Baby Boomers, beware. A study published in the Journal of the American Heart Association reveals that chronic depression might double the risk of stroke in adults over the age of 50. Persistent depression might even increase stroke risk well after the signs and symptoms of depression disappear, particularly for women.
The study, entitled “Changes in Depressive Symptoms and Incidence of First Stroke Among Middle-Aged and Older US Adults,” looked at health information from 16,178 men and women ages 50 and older participating in the Health and Retirement Study between 1998 and 2010.
Stroke Risk Study Involves SemiAnnual Interviews
Study participants were interviewed every two years about a variety of health measures, including depressive symptoms, history of stroke, and stroke risk factors. There were 1,192 strokes among participants during the study period.
The National Institute of Mental Health (NIMH) defines persistent depressive disorder as being in a depressed mood which lasts for a minimum of 2 years. According to the study’s lead writer, Ms. Paola Gilsanz, Sc.D., Yerby Postdoctoral Study Fellow at Harvard University’s T.H. Chan College of Public Health, the study concludes that depression might also increase the chance of stroke over the long run.
First Time for Stroke Predictive Results
“This is the first study evaluating how changes in depressive symptoms predict changes in stroke risk,” says Gilsanz. “If replicated, these findings suggest that clinicians should seek to identify and treat depressive symptoms as close to onset as possible, before harmful effects on stroke risk start to accumulate.”
Gilanz went on to say, “What our study provides is evidence that these results take time to build up, however, we still have numerous questions to answer regarding how and why this occurs.” He added that unraveling this secret could help decrease the link between depression and stroke.
Next Steps for Researchers
The NIMH reports that about seven percent of all adults in the United States experience significant depressive disorder in almost any given year. A previous study showed that depression is related to the increased risk of hypertension, irregularities of the autonomic nervous system, and elevated inflammatory responses.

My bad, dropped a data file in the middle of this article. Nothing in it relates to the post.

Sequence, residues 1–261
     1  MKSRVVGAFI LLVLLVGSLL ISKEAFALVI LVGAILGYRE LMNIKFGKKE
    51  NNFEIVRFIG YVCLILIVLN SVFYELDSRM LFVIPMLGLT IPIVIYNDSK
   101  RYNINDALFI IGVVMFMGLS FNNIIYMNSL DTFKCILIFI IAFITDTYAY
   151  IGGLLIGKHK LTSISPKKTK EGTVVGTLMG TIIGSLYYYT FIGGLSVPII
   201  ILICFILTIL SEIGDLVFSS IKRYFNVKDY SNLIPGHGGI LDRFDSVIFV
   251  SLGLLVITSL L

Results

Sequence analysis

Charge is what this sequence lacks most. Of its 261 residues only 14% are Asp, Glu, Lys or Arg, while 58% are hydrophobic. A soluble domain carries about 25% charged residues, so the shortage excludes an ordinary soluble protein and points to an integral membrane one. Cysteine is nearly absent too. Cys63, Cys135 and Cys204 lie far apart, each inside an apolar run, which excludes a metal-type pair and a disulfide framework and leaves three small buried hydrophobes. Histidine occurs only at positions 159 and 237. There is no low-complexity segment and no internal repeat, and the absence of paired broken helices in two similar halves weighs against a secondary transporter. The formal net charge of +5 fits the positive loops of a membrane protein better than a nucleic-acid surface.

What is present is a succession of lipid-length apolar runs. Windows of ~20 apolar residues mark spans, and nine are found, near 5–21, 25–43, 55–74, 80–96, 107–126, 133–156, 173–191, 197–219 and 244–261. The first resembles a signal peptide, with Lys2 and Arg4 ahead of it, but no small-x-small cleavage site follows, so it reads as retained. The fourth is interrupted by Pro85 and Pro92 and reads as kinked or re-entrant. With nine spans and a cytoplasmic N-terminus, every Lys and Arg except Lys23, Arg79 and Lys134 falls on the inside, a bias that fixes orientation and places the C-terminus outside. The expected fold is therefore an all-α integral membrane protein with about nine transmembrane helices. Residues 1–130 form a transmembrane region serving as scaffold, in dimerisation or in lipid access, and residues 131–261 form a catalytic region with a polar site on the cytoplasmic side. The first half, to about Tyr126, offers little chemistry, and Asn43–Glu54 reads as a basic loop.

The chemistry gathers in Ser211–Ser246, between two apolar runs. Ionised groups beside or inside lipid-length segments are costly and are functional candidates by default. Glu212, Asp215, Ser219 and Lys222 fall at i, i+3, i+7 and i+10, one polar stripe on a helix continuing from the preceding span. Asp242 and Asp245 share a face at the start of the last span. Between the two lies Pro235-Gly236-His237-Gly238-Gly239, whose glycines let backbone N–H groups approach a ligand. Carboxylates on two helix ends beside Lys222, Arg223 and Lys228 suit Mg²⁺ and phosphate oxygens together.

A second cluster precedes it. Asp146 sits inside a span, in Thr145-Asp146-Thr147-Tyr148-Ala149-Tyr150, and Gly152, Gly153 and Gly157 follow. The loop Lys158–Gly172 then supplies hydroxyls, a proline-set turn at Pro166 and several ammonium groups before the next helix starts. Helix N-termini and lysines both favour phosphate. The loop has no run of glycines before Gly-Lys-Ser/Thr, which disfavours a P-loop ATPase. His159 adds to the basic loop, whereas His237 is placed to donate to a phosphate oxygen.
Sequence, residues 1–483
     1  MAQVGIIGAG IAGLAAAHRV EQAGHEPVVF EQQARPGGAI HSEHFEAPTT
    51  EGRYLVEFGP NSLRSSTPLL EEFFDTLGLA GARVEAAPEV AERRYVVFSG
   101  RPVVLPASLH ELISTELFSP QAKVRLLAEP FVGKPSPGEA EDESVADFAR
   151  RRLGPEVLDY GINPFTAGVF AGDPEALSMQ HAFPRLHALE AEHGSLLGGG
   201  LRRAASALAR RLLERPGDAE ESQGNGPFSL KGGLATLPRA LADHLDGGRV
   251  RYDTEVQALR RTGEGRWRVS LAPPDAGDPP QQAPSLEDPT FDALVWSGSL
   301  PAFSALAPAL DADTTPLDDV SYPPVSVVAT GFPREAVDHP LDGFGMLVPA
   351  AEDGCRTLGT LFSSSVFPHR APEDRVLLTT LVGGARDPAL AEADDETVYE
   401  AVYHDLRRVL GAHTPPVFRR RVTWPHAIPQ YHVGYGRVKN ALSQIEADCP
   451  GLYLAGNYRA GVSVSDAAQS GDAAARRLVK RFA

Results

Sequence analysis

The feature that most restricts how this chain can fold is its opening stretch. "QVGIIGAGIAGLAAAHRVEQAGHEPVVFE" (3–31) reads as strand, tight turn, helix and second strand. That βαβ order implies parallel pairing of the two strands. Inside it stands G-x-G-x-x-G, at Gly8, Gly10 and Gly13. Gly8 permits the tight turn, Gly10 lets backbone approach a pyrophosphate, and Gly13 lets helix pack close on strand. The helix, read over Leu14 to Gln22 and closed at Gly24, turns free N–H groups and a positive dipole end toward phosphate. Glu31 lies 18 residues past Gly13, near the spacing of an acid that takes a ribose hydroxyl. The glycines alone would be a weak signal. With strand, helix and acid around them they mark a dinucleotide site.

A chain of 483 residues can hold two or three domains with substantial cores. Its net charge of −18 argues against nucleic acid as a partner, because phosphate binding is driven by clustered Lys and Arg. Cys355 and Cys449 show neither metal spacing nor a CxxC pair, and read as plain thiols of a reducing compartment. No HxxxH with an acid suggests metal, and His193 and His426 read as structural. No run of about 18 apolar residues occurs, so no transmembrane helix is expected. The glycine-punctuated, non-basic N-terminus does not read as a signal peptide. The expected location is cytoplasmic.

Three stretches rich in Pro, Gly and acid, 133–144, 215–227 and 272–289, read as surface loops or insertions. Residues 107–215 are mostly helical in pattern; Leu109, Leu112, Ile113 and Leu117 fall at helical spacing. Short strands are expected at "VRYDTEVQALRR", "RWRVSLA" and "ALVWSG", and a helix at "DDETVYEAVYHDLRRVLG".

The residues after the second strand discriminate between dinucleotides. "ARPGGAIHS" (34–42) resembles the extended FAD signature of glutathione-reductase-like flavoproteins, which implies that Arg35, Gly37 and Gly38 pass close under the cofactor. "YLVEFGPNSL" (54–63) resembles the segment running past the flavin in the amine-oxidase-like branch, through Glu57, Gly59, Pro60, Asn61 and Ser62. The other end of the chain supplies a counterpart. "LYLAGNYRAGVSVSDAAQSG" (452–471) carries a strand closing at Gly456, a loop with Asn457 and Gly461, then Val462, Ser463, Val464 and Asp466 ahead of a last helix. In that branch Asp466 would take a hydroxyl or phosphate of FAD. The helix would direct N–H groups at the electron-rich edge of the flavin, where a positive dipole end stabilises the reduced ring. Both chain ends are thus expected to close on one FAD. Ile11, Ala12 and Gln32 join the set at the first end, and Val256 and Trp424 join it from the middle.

Simply because this is actually the 1st study to look at modifications in depressive symptoms in this way, Gilsanz stated that the next step is to see if these results stay accurate in numerous samples and throughout various age groups; along with looking at individuals whose symptoms went away for various reasons.
Possible Reasons for Link to Stroke Risk
She also points out that some experts argue this affiliation is actually because of subclinical vascular disease within the brain causing both melancholy and stroke. Future research to tease this out – for instance, incorporating brain imaging or any other research styles – might be able to address this issue, according to Gilsanz.
Researchers didn’t examine whether or not depressive symptoms diminished due to treatment or for other factors. However, they stated the results suggest that treatment, even if efficient for depression, might not have instant advantages for stroke risk.
Urgent Need for Depression Treatment
Experts also suggested that reduced depression may have a stronger impact on ladies than men. They also believe that a recent onset of depression didn’t appear to be related to higher stroke risk.
For those in high risk categories, this study highlights the urgent need for individuals, such as females over the age of 50, to address recurring depressive symptoms as soon as possible.